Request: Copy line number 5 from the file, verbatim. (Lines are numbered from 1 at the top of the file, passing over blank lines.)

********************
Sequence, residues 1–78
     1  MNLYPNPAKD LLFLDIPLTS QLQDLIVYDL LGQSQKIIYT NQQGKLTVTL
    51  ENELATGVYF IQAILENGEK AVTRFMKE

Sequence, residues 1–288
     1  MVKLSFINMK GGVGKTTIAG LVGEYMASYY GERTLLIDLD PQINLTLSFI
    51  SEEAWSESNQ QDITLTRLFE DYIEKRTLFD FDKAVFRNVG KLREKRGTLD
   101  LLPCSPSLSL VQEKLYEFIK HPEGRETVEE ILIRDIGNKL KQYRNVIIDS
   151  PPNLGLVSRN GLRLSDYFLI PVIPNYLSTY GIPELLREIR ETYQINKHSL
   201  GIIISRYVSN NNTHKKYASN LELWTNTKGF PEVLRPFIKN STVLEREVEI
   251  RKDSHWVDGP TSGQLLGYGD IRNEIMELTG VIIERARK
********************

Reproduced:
     1  MVKLSFINMK GGVGKTTIAG LVGEYMASYY GERTLLIDLD PQINLTLSFI